Mining magnate Clive Palmer plans to challenge the termination
of Gold Coast United’s A-League license in court and is calling for
a federal government investigation into the administration of
football in Australia.
Football Federation Australia chairman Frank Lowy announced in a
hastily convened news conference in Sydney on Wednesday that Palmer
had been notified that his license for Gold Coast United had been
terminated due to serious breaches of the club participation
Lowy said FFA had been ”left with no alternative” due to
Palmer’s ”flagrant disregard” for the A-League regulations.
”We can’t let anybody thumb their noses at us saying ‘We’re
going to do what we want to do but I want to stay,”’ he said.
A loud and strident critic of the administration of the 10-team
domestic league, Palmer responded predictably by confirming he’d
challenge the ruling in court.
”Gold Coast United has been denied natural justice and we are
prepared to go to the highest court in the country to challenge
this ludicrous decision,” Palmer said in a statement. ”We have no
intention of deserting our players and supporters.”
Palmer was quoted in a Brisbane newspaper earlier this month as
describing the team as insignificant, the competition as a joke and
rating rugby league as a better game, drawing the ire of football
fans across the country.
The billionaire businessman later said his comments on football
were taking out of context, but didn’t back away from his criticism
of the A-League and its administration. He added to that Wednesday
by claiming that Lowy, although he was an ”institution” in
Australian football, ”The sport should not be run by dictators
Lowy had earlier outlined three recent breaches by Gold Coast
United of the club participation agreement as being: a conscious
and deliberate contravention of FFA policies and procedures;
deliberate defiance of a direction that was given by FFA; and
repeated public statements … that bring the A-League, FFA and the
game of football into disrepute and are prejudicial to the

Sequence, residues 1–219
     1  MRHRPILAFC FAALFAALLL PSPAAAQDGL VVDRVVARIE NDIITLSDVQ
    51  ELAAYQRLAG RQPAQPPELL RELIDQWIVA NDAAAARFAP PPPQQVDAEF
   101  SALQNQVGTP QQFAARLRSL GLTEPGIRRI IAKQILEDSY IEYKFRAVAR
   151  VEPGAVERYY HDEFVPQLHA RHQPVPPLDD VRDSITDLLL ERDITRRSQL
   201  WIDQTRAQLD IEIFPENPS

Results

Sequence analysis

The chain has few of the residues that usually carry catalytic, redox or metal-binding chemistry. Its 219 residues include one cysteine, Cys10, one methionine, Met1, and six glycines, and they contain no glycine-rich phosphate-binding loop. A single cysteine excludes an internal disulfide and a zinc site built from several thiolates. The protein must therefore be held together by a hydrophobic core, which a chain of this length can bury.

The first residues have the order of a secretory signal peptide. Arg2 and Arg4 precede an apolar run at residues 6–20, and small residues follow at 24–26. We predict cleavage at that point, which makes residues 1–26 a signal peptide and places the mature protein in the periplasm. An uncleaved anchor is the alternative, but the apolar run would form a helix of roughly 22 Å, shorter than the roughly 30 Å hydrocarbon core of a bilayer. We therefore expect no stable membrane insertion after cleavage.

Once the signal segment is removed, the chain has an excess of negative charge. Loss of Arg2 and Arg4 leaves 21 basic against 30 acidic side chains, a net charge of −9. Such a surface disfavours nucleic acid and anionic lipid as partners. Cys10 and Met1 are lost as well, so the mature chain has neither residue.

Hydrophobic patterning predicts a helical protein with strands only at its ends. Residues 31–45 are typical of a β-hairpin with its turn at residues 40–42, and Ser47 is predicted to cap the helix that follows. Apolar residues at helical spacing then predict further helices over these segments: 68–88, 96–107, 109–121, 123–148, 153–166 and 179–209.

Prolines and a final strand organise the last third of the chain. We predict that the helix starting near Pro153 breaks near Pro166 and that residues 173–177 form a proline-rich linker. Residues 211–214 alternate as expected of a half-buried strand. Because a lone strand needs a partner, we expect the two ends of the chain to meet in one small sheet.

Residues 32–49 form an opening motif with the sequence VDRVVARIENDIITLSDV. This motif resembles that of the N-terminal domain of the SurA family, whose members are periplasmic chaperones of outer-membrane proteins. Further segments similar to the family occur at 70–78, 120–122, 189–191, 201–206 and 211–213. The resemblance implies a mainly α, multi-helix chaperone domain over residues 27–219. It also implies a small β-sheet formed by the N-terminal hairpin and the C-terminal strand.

interests of FFA, the A-League and the game of football in
On the weekend, Gold Coast United refused to remove unsanctioned
”Freedom of Speech” logos on its stadium and jerseys – placed
over sponsor signage – during a match despite warnings from the
A-League that it contravened regulations. The club announced after
the match that it would continue to use the logos.
”This behavior came on top of public comments that displayed a
total lack of respect for football and the millions of Australians
who love the game,” Lowy said. ”Such disrespectful behavior, a
flagrant disregard for the rules and a stated intent to continue
breaking the rules made for an intolerable situation.
”As custodians of the game, we had to act to protect the
integrity of the A-League on behalf of the other nine clubs,
players, coaches and most importantly, the fans.”
Lowy said the FFA was examining ways of having a Gold Coast team
contest the last four matches of the regular season, but conceded
Sunday’s away match at Wellington Phoenix may have to be
”The major priority at the moment is completing the end of the
season for the sake of the players and the sake of the opposing
teams as well,” A-League chief Lyall Gorman said.
The league wants to avoid the scenario of having Gold Coast
withdraw from remaining matches with opposing teams awarded points
”We’ve got a very tight competition at the moment and obviously
competition points are very relevant,” Gorman said. ”You want to
see that achieved in a competition full of integrity and not
through forfeits and those sort of arrangements.”
Palmer has long been a critic of the sport’s administrators and
caused a stir in 2009 when he capped the crowd attendance at
matches to 5,000 fans to save stadium costs. He later withdrew the
cap, but United has struggled to attract large crowds despite
finishing third and fourth in the two seasons after joining the
league in 2009.
Last week, Palmer fired Miron Bleiberg after news reports were
published saying the club’s foundation coach had quit after he was
Bleiberg’s dismissal came only a day after Palmer’s
controversial quotes on the league were reported in the Sunday
Palmer is now urging the federal government to investigate the
running of the game in Australia.
”The FFA is heavily subsidized by government yet its executives
are some of the highest-paid people in Australian sport,” Palmer
said. ”The government should be asking serious questions about the
operations of the FFA.”